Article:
It is normal protocol, when a sheriff’s deputy is involved in a suspect’s shooting death, that the FDLE conducts the investigation. It is also normal protocol that the deputy is placed on administrative leave pending the investigation. That is not an indication or suggestion of wrongdoing: it is the case in most police agencies. Both Dailey and Fiveash will be on administrative leave, Clair said, likely for a few days.
Roger Smyth, a retiree from New York and a former member of the Miltary Police, lives one house down from 61 Brownstone, and knows Marie Turner, Troy’s grandmother, who raised him after his mother died of cancer. Smyth has done odd jobs at Turner’s house, helping her out (she is in a wheelchair). He described the events that led up to the shooting.
“I’m putting bushes in over here, and four or five kids from the neighborhood that know me and the dog came by and said, there’s a guy walking up and down and he looks crazy, he has a knife, a gun, something on his side, and he’s walking around with a book—Bible,” Smyth said. “The kids told me this. So I came out, I said don’t be afraid, they were scared, don’t be afraid. I walked out, and I saw he was walking up and down the street. He stops, gets on his knees, and he was praying. And then he walks into the house, and I guess that’s when the girlfriend of the other person that was there came by. That’s as far as I knew. And then after that I heard gunshots. Freaked me out. Just to hear the gunshots. But he was kind of a depressive kid.”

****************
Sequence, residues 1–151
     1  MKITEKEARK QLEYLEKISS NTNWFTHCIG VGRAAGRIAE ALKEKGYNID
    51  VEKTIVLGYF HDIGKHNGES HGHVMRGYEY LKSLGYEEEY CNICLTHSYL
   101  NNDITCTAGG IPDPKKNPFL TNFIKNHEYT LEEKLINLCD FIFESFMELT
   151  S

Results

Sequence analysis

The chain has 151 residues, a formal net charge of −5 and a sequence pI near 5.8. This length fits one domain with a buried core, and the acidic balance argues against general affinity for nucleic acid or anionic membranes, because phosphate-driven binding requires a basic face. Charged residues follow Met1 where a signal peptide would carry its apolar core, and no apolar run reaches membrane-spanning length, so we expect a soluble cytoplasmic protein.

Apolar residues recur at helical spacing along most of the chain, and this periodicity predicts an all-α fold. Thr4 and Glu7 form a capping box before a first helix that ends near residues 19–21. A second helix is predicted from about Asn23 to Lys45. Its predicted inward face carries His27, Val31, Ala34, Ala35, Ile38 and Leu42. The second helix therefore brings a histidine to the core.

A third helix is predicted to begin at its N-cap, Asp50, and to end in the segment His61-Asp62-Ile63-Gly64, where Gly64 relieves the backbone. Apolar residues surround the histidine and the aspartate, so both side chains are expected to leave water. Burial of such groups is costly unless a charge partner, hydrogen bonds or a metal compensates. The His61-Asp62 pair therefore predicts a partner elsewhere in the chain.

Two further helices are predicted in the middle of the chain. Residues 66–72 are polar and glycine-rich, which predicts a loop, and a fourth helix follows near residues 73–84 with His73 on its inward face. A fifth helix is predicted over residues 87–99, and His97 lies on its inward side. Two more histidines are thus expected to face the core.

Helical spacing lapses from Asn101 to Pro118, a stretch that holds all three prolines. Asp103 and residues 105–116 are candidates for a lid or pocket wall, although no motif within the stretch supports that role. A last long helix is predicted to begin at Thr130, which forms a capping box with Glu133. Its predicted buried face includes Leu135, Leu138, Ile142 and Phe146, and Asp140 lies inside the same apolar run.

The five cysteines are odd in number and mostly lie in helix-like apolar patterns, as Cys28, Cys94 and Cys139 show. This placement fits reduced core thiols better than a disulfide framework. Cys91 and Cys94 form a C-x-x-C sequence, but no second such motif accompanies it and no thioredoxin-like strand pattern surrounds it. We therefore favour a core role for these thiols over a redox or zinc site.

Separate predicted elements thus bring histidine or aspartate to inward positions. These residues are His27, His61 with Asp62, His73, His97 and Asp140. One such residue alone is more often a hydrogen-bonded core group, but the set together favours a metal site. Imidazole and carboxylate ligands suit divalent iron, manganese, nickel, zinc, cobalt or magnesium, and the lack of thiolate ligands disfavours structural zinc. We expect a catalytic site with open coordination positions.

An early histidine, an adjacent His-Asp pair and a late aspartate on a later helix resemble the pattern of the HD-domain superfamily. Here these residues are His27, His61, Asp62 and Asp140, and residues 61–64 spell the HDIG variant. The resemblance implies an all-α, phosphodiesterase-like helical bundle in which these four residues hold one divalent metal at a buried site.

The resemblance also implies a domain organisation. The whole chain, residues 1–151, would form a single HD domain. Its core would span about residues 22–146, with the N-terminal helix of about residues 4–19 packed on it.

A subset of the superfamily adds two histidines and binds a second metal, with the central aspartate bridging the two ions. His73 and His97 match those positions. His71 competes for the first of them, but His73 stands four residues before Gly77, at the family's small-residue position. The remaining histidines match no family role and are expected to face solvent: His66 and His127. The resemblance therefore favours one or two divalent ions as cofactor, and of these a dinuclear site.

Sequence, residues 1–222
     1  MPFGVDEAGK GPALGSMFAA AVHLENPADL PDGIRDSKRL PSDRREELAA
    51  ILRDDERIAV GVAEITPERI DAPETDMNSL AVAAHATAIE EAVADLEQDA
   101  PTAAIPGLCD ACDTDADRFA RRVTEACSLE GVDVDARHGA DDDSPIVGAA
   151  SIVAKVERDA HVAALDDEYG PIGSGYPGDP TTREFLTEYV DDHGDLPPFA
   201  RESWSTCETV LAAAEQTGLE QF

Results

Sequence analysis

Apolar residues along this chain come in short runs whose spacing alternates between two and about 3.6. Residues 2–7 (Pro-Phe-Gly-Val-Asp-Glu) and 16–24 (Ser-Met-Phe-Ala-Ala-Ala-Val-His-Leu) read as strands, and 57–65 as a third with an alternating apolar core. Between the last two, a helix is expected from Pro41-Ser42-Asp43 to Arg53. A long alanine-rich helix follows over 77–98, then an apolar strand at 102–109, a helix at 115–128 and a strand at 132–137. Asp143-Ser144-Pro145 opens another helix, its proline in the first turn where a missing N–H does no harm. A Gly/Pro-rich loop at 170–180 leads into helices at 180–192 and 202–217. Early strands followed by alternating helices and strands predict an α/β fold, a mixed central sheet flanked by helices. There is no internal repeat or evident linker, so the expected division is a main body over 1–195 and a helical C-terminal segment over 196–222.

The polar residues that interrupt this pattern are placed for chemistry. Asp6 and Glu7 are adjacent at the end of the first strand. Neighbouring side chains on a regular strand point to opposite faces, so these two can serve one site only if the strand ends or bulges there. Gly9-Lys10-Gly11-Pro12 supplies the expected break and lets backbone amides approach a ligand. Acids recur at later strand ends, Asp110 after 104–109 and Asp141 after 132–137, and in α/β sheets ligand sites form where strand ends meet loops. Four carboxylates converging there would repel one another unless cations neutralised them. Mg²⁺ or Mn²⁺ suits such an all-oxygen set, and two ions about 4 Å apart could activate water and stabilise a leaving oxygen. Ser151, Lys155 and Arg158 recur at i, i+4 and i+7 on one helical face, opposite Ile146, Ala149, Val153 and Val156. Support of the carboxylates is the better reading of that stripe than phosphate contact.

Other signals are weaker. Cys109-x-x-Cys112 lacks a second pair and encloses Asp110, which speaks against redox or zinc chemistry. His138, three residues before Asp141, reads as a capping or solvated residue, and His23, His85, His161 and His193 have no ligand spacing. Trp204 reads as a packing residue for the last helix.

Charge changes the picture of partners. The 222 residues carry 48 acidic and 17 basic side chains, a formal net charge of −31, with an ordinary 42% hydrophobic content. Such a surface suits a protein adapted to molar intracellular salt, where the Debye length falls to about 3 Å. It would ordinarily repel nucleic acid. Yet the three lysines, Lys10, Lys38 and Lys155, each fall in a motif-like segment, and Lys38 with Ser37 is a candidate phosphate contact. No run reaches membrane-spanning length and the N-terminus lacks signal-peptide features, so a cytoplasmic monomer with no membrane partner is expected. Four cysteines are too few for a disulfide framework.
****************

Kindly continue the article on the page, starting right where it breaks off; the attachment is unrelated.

Smyth talked to Troy from time to time. “He was actually recently getting a little attitude when people walked by with their dogs,” Smyth said, “if they stopped by, outside there, he says, get out of here, get your dogs away. He was just an upset person. For whatever reason, I’m not that sure.”
Smyth recalled the time he installed a garbage disposal for Turner. Troy was there. “I was trying to show him things,” he said. “He seemed to want to learn a little bit, but there was a Dr. Jekyll and Mr. Hyde kind of thing, and then it’s later, he’s a different person, so, you know, it’s kind of like—I just keep my distance.”
Of the actual shooting, Smyth said: “It was rapid but not deliberate. It didn’t seem like it was something angry or anything.” “I believe I heard them stay stand down twice, and that I heard from here, stand down, stand down, pop-pop-pop-pop-pop.”
As night fell, so did a thick fog, settling on the neighborhood (and the rest of the city) with a damp chill. Smyth was in his driveway, the flashing reds and blues from a few cruisers inside the crime scene providing most of what there was of light.
“It’s kind of nerve-wracking,” Smyth said. “I’m still shaking inside, just hearing the gunshots. I’m not relaxed at all. And I’m from New York, you’d think I can handle something, but no, it’s just too close. You see things on the news, you hear it, you shake your head, yeah yeah yeah, but when it comes that close to home, then the reality hits. I mean, I’ve seen it when I was a kid in new York, but I’m retired, I came here to retire.”
On Feb. 21, William Carson Merrill shot and killed his wife with an AK-47 while she was tending to their daughter’s bath, and as Merrill had trained the rifle on her chest, thinking it was not loaded. He pulled the trigger, and Stefanie Merrill died shortly after. Merill was sentenced to 25 years in prison last
Not counting suicides involving firearms, this was the third case of a fatal shooting in Flagler County this year. In march, Paul Miller, a 66-year-old resident of Flagler Beach, shot and killed his neighbor during an argument over Miller’s barking dog. Miller is awaiting trial, scheduled for Feb. 25.